Red Raiders Beat the Tigers 52-38

Texas Tech quarterback Kliif Kingsbury led the Texas Tech Red Raiders (5-3, 2-1) to a 52-38 victory over the Missouri Tigers (3-4, 0-3). Kingsbury became the first college quarterback in the state of Texas to pass for over 10,000 yards in a career. Kingsbury also set a conference record with 510 passing yards on 70 attempts.

On their first possession, the Red Raiders drove 70 yards for a touchdown and the 7-0 lead. A 13-yard touchdown pass to receiver Anton Paige finished off the drive.

Missouri answered with a 43-yard field goal by Mike Matheny on the next possession.

Following a questionable decision on a kickoff, Texas Tech went on a 99-yard drive to take extend the lead to 14-3. A 36-yard pass to receiver Nehemiah Glover capped off the drive.

The Tigers scored a touchdown on an 86-yard drive to make the score 14-10. A 52-yard touchdown pass to receiver Justin Gage finished off the drive.

Following a 40-yard field goal by Texas Tech kicker Robert Treece, Missouri drove 80 yards for a touchdown to tie the score at 17-17. The drive was capped by a 6-yard touchdown run by T.J. Leon.

Texas Tech closed out the first half with two touchdown drives to take the 31-17 halftime lead. Texas Tech would also score the first touchdown of the second half to take the 38-17 lead.

The two teams exchanged touchdown drives to bring the score to 44-22.

The teams would continue to exchange touchdowns. Missouri scored the final touchdown with 5:23 left in the game to make the final score 52-38 in favor of Texas Tech.

Players of the Game
Texas TechKliff Kingsbury
Missouri – Justin Gage

Team Analysis

QB – Kliff Kingsbury had a career game against the Tigers. Not only did he become the first college quarterback in the state of Texas to pass for more than 10,000 yards, he also set a Big 12 record by passing for 510 yards. Kingsbury completed 49 of 70 passes, and passed for 5 touchdowns. This was another game on the long list of great games that Kingsbury has had during his stay in Lubbock.

RB – The running backs had another productive game. Taurean Henderson had 105 all-purpose yards and 2 rushing touchdowns. Foy Munlin led the team in rushing with 50 yards on 8 carries. Both backs made some key plays to keep the chains moving.

WR – If Kingsbury passes for 510 yards you know the wide receivers had a good game. Mickey Peters caught 8 passes for 96 yards to lead the Tech receivers in both categories. Nehemiah Glover scored 3 touchdowns of just 4 catches.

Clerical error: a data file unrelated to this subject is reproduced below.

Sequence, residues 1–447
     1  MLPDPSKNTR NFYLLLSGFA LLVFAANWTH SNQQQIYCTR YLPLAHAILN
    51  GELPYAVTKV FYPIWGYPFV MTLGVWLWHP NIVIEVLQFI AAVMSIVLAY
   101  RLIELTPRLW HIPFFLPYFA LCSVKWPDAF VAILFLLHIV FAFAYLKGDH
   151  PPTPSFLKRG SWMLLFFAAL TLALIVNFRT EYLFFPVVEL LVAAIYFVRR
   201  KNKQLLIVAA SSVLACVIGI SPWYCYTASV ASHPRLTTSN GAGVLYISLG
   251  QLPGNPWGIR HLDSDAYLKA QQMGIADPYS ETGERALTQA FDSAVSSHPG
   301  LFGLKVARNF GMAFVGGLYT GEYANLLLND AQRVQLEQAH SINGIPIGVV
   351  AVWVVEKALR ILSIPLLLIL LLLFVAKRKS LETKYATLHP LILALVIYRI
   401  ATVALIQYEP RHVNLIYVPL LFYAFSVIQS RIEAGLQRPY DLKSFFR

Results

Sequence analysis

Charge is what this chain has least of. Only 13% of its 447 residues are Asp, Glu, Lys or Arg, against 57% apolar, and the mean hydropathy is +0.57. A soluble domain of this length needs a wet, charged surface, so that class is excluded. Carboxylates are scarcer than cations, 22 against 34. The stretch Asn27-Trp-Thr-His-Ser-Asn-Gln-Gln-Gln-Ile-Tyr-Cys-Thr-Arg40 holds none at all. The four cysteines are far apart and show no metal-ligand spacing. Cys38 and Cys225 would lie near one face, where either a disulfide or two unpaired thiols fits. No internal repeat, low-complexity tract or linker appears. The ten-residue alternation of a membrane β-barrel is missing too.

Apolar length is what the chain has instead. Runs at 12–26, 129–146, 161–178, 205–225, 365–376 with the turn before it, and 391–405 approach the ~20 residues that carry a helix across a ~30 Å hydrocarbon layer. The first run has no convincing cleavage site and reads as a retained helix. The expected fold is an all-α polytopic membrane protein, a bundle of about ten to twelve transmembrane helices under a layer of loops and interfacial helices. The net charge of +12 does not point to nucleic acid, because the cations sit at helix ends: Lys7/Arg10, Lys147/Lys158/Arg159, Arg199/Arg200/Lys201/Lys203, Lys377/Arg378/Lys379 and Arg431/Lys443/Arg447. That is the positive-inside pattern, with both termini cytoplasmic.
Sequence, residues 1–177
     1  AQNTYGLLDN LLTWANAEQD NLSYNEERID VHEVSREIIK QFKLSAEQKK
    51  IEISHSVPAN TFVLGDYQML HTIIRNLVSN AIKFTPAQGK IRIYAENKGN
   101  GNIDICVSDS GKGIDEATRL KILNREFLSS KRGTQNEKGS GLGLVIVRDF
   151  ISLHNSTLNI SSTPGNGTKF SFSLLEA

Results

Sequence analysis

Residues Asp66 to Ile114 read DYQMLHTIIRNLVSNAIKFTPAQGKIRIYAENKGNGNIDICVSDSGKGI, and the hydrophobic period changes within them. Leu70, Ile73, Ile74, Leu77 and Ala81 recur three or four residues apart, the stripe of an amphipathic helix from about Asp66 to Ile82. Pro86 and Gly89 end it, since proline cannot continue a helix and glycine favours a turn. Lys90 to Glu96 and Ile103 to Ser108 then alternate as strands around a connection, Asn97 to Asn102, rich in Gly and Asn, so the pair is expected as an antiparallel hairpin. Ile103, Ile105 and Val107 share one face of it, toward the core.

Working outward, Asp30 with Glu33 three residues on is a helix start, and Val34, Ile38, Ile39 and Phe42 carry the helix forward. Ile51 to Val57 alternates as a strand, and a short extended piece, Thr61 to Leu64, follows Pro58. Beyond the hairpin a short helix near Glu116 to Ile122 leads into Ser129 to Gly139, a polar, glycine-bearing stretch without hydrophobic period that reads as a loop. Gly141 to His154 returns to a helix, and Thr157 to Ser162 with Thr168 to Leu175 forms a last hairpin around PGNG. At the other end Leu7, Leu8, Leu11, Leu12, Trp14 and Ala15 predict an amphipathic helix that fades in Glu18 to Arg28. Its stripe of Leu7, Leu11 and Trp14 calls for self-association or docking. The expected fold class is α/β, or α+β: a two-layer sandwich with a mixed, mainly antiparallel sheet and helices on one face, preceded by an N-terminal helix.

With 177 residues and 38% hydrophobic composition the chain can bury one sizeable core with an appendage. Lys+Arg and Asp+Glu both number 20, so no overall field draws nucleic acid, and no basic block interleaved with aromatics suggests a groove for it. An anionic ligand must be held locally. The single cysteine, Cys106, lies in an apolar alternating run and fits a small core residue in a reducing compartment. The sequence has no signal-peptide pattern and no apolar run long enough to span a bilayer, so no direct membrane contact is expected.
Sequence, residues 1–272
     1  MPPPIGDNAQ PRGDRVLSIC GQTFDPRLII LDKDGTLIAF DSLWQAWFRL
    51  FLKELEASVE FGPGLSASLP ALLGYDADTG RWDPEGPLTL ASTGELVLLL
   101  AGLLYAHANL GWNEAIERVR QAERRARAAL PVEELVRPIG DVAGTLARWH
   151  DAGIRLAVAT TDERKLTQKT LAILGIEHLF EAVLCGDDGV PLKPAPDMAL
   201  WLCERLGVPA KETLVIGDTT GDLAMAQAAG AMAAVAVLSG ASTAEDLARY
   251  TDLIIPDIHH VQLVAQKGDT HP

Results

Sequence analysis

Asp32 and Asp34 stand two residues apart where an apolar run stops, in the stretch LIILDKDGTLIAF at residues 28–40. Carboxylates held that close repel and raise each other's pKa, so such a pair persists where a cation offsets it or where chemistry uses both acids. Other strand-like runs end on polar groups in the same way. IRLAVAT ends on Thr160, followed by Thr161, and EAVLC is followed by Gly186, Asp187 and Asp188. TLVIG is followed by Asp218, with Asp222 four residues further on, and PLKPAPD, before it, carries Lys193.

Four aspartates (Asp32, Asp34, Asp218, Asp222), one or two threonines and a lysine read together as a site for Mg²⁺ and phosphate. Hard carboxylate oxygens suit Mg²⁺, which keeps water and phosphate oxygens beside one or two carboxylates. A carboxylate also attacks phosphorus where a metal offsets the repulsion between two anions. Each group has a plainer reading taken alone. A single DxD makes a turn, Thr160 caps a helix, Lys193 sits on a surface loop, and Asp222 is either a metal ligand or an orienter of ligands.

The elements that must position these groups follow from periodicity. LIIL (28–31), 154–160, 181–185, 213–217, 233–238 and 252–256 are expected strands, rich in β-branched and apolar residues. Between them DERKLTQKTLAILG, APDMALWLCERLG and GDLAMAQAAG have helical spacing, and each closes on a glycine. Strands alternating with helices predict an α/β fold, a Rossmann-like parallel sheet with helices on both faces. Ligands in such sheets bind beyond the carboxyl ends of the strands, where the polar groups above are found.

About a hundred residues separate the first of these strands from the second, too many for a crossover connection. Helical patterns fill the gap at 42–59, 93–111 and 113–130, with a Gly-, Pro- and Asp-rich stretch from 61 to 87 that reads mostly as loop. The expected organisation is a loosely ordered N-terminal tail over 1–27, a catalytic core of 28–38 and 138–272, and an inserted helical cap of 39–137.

OL – The offensive line continued their string of great games with another fine performance against the Tigers. Kingsbury had plenty of protection as you would expect given his record-breaking performance. The line also did a good job blocking on running plays, particularly in the red zone.

DL – The defensive line did a good job pressuring quarterback Brad Smith. Smith was under pressure all game, particularly from the defensive ends. The run defense was a problem at times. The middle of the defensive line needs to improve against the run next week against Colorado.

LB – The linebackers also did a good job shutting down quarterback Brad Smith. Two problem areas surfaced again this game. The run defense was suspect, and the linebacker's inability to cover tight ends was a problem. John Saldi played a solid game in his second start as an outside linebacker. He was particularly good on blitzes.

DB – The defensive backs are now the biggest problem on this defense. They had serious problems covering receivers. This is the biggest problem, and it must be fixed soon. The other problem is tackling. If a player gets past our running backs, the Tec cornerbacks tend to miss open field tackles. This led to a number of big plays during tonight's game.

Special Teams – Not one of the Red Raiders' better special teams performances. The highlight was a nice kickoff return by Vincent Meeks. Ivory McCann made a bad decision by running a ball out of the endzone that he should have downed. The mistake was compounded by McCann running across the field instead of up the field resulting in the offense starting at the 1-yard line. It is noteworthy that McCann did down a few kicks late in the 4th quarter. Does this mark a change in philosophy on kickoffs?

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